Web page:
This point to point trekking holiday requires customers to walk between each overnight stay under their own steam. Other forms of transport may be available along the route (horses, jeeps etc) but Exodus is not able to take responsibility for the safety or the cost of any transport that customers choose to take even if provided with the assistance of our leader or staff.

Weather & Seasonality

Weather Information

The main trekking season in Nepal is from October to mid-May when daytime temperatures at most altitudes are generally comfortable for walking, the sky is clear much of the time and rain and snow are occasional occurrences. Daytime temperatures will vary from 15ºC to 35ºC in the Kathmandu Valley to around 10ºC at 3600m and progressively lower the higher we go. Different seasons offer different advantages for trekking:

Post Monsoon/autumn: Mid-September to November. This is the main trekking season in Nepal. Day temperatures in Kathmandu are approximately above 20ºC. For the first few days of the trek at the lower altitudes the temperatures can be very hot (up to 30ºC) and it can be very humid. Once you are over 2000m the temperatures are more pleasant. Skies are usually clear and days on trek are sunny and mild with clear mountain views. Nights will be colder with temperatures dropping as low as to minus 5ºC or lower at the higher altitudes.

Pre-monsoon: March to May. Both day and night temperatures will be warmer in general but haze will often build up in the afternoons. It is very hot and humid at the start and end of the trek at the lower altitudes and temperatures rise to 30/35ºC in Kathmandu and the lower parts of the trek. Flowers bloom in this season and this is one of the reasons people chose to trek in spring.

The crossing of the Larkya La is cold at any time of year. There is sometimes a high wind over the pass which makes the crossing extremely cold and you must have adequate protection for very low temperatures for this section. There is sometimes snow and ice on the pass. You need to be prepared for this. We recommend you carry yaktrax/microspikes in case of snow on the pass.

Snow can be expected on any departure, usually at the higher altitudes above Samdo.

In any mountain area the weather is never wholly predictable and you should be prepared and equipped to deal with any differences in weather beyond the conditions described above.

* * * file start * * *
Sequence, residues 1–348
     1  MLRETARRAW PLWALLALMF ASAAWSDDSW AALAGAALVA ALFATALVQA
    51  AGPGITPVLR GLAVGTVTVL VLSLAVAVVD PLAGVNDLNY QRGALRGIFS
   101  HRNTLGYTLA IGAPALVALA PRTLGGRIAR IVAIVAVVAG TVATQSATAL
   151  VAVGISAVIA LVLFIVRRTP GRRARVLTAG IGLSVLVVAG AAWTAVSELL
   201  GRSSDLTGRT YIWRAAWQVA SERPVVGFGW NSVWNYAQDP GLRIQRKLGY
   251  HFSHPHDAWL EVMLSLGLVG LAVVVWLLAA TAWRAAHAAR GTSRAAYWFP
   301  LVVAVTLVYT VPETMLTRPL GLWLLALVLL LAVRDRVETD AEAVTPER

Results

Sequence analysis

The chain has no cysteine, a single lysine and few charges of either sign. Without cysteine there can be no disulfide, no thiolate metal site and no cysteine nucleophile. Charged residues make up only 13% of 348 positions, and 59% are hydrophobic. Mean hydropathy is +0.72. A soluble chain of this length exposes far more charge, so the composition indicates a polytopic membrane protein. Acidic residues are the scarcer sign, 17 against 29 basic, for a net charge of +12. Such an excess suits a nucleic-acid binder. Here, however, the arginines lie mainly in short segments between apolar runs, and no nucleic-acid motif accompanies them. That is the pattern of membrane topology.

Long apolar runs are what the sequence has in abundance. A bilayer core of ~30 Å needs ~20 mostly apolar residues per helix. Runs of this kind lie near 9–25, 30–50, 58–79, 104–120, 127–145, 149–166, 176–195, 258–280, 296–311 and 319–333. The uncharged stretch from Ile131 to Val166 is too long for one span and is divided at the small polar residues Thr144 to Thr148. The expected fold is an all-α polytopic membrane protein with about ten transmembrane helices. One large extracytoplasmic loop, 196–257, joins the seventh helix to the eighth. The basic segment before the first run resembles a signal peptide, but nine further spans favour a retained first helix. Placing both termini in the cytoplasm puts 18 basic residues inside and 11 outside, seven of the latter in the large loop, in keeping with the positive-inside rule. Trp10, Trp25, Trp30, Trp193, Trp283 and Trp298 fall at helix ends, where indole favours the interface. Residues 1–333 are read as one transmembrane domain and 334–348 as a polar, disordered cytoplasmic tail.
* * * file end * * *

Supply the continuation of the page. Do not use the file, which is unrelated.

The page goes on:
Weather Charts

Joining Instructions

Travelling flight inclusive from London: 19 days

The group flight from London is an overnight flight departing the day before Day 1 of the itinerary.

Flights from London

We normally use the scheduled services of Turkish Airways  (depending on availability). As flight timings and schedules change regularly we recommend you call one of our specialist sales staff or your agent to confirm up‐to‐date timings. Please note timings may change at a later date and cannot be confirmed until approximately two weeks before departure.

Travelling land only: 18 days starting and ending in Kathmandu

Your trip normally starts at our hotel in Kathmandu in the afternoon of Day 1 of the itinerary. Details of how to reach the start point are provided in the Final Joining Instructions ‐ sent approximately two weeks before departure.

As advice about luggage allowances for both hand and hold luggage is subject to change, we suggest you check the airline's website for the latest information prior to your departure. The usual, standard check-in baggage weight allowance is 20kg.

Regional Flights

The Flight Inclusive price is based on a London departure, but we are happy to tailor this to your local or regional airport. Please ask about flights from local or regional airports.

If booking regional flights other than with Exodus, you must allow a minimum connecting time (in addition to the international check-in time) of 1 hour at Gatwick, and 1.5 hours at Heathrow; this is longer than the official minimum, but baggage handling is known to be subject to delays.

Free Transfers